This Study Handbook is published with reservation. It is not official yet.
|Teaching method||Contact hours|
|Course coordinator(s)||dr. VJ Ingram|
|Lecturer(s)||dr. VJ Ingram|
|RS van Tol|
|Examiner(s)||dr. VJ Ingram|
Language of instruction:
NL and/or EN
ZSS06200 Fieldwork Safety
Assumed knowledge on:
FNP-11806 Forest, Nature, Society.
The course builds on the investigation of actors, their relationships and values in FNP-11806 Forest, Nature, Society and on basic knowledge about value chain certification gained during excursions and lectures concept of value chains, briefly introduced in and the audit in PEN.
The concept of governance introduced in this course is further elaborated in FNP-32306 Decision-Making in Forest and Nature Management: Theory and Practice.. Game theory (the concept underlying the landscape game) will be further covered in
Forest and nature management and policy involves making choices about goals and the activities implemented to meet those goals. Plans are often based on theoretical concepts, which guide the choices made and set out broad approaches for how these can be achieved. Stakeholders include the government, private sector, community organisations and civil society organisations. They may work alone, and increasingly, together. In practice, how plans are made and implemented often deviates from theory.
The objective of the course is to give students grounding in both the concepts and practices of three approaches currently used in to planning and managing forest and natural ecosystems. The learning outcomes of the course are that students can identify and understand three key planning concepts, critically understand when and how they can be used and be able to apply the concepts and tools to practical cases.
The course starts with a brief introduction to key planning concepts for forest and nature conservation and then zooms in to explore three key approaches and how they work in practice:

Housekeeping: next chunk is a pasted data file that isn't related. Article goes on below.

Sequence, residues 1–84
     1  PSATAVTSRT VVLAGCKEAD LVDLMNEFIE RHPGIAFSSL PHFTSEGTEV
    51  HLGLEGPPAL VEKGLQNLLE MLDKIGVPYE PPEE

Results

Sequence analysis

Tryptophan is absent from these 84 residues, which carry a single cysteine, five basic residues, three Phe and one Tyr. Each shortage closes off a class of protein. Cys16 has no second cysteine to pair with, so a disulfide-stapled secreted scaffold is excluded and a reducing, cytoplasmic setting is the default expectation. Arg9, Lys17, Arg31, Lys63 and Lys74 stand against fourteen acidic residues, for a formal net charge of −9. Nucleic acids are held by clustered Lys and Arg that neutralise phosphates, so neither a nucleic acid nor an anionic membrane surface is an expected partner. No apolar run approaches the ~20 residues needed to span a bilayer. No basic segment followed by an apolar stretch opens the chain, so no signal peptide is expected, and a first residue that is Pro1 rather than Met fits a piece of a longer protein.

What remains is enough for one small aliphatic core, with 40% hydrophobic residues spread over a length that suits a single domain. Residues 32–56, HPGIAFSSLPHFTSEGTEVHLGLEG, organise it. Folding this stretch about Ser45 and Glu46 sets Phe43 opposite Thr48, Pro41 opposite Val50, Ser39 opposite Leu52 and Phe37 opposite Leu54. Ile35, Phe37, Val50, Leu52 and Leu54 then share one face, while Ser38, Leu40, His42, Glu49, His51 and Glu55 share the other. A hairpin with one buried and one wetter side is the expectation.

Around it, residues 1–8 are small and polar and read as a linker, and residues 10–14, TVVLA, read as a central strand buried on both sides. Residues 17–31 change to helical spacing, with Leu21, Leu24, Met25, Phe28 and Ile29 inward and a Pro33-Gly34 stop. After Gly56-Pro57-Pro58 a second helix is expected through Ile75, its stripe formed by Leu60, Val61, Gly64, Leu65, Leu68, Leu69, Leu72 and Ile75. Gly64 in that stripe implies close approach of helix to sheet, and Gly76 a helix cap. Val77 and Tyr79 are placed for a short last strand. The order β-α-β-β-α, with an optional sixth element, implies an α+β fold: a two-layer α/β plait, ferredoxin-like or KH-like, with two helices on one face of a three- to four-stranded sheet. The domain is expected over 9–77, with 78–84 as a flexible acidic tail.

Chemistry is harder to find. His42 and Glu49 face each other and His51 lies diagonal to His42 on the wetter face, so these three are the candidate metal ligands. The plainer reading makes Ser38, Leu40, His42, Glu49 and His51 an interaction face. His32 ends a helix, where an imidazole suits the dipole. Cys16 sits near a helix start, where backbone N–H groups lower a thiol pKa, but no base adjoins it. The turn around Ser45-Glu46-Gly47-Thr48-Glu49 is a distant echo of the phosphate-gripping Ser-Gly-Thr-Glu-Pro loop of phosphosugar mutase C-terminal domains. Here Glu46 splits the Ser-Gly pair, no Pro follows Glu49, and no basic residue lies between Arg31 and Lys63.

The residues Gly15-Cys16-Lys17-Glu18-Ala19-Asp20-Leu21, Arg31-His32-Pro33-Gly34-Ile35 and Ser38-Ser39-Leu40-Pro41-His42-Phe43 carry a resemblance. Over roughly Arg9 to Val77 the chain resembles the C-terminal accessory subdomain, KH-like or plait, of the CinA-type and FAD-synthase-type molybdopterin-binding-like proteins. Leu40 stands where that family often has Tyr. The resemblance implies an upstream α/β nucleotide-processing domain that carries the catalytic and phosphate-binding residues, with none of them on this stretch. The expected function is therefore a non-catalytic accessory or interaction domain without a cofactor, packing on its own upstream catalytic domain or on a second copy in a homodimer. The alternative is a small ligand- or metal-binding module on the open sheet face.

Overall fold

- ecosystem focused approaches focusing primarily on the planet: using biodiversity agriculture to conserve habitats and species and landscape quality;
- landscape approaches that focus on both people and different ecosystems with a geographic area, articulating area based goals and approaches to achieve these;
- value chain approaches that have a strong profit focus concerning how products are governed as they are transformed from a natural resource into a product sold to consumers.
The three planning approaches respectively focus mainly on the planet, people, and profits. These approaches entail choices about the trade-offs and multiple uses of different land cover types and uses, the way products are produced from these landscapes and the resulting impacts on the planet (i.e. biodiversity and its conservation), on profits (i.e. economic impacts on households, firms and the economy in general), and on people (i.e. development and peoples livelihoods, as enshrined in the SDGs).
In the 3 weeks of the course, one approach is addressed per week, so that each week the students will learn:
- theory/concepts of each planning approach via lectures and self-stud;
- how the concepts are used in practice via lectures illustrating cases and self-study o Practical application of the theory using cases in the practical assignments.,
Students will develop and be tested on their critical ability to evaluate planning approaches against criteria in a group paper, reflecting on the extent to which each approach fulfills each criterion.
After successful completion of this course students are expected to be able to:
- identify and explain different concepts related to planning and their relevance for forest and nature planning;
- evaluate when ecosystem, landscape and value chain approaches can be used and combined in planning for forest and nature conservation;
- apply ecosystem, landscape and value chain approaches to practical cases;
- analyse the advantages and disadvantages of the different planning approaches discussed in the course.
During the course, you will engage in:
- preparing and attending lectures;
- practical group assignments;
- group paper assignment: an essay with supervision and feedback by lecturers;
- self-study of scientific articles and course materials, and preparation for the examination and group paper.
Student's knowledge will be evaluated through group assignments (40%) and a written examination (60%). Students need to have a minimum partial grade of five and a half (5.5) for all components. Marks for the assignment and exams are valid for one year only.
Will be made available via Brightspace
|Compulsory for:||BBN||Forest and Nature Conservation||BSc||5AF|
|Restricted Optional for:||WUFNC||BSc Minor Forest and Nature Conservation||5AF|